By Angelika Gruber
ZURICH (Reuters) - A decade after a U.S. crackdown ended Swiss banking secrecy, rich Americans are flocking back to UBS <UBSG.S> as they look to diversify their investments in a volatile U.S. political landscape, a senior executive at the Swiss group told Reuters.
"The interest has increased, for political reasons and for reasons of diversification," Juergen Wegner said in an interview, without elaborating.
Wegner is in charge of Swiss Financial Advisers (SFA), a subsidiary of UBS which handles funds that wealthy U.S. customers bring to Switzerland, historically seen as a safe-heaven destination for investments.
Although many U.S. customers continue to hoard money at home, they are increasingly interested in a broad diversification of their assets.
"We notice this very strongly especially in terms of assets of more than $100 million," said Wegner.
Ten years after a U.S. tax crackdown cost Swiss banks billions of dollars and put an end to their tradition of banking secrecy, the world's private banking hub is reestablishing ties with American customers. [nL8N1WX5GM]
"If you suggested to a customer in 2012 to bring his money to Switzerland - even if it's legal - then the customer was afraid to appear on a blacklist. There is a lot less of this, we can tell," Wegner said.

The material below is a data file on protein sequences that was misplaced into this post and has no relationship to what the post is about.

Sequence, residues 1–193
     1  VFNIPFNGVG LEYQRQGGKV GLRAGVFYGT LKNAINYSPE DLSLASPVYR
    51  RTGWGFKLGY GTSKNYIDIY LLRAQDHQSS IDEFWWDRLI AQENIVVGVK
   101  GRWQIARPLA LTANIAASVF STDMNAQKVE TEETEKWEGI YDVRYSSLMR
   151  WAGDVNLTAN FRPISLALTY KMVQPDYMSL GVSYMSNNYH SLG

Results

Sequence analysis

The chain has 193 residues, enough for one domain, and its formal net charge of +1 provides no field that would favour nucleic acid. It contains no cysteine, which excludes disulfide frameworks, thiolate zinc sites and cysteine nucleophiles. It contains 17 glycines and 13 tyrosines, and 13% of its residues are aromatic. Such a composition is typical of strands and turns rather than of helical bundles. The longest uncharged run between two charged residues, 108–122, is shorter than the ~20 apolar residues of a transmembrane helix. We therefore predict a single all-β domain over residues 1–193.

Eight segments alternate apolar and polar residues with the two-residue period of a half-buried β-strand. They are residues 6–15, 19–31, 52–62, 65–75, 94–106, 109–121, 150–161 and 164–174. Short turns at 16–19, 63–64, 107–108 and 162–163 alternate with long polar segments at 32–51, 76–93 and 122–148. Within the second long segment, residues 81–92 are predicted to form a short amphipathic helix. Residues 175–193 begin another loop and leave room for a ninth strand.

For UBS, the world's biggest wealth manager, SFA is part of growth plans that focus in part on attracting wealthy North Americans as new customers.
In the next three years, it wants to collect $70 billion of new money from so-called ultra-high net worth individuals, and convince them to invest their money not only at home, but internationally, Wegner said.
In a unit for people with a net worth of more than 100 million Swiss francs, UBS had assets under management of 643 billion francs ($642 billion) at the end of the third quarter.
UBS is the only Swiss private bank with extensive U.S. business, and is counting on this to help differentiate itself from powerful U.S. rivals.
A growing interest of U.S. clients to invest in Switzerland is also reflected in new money flowing to SFA, Wegner said.
($1 = 1.0017 Swiss francs)
(Writing by Michael Shields; Editing by Mark Potter)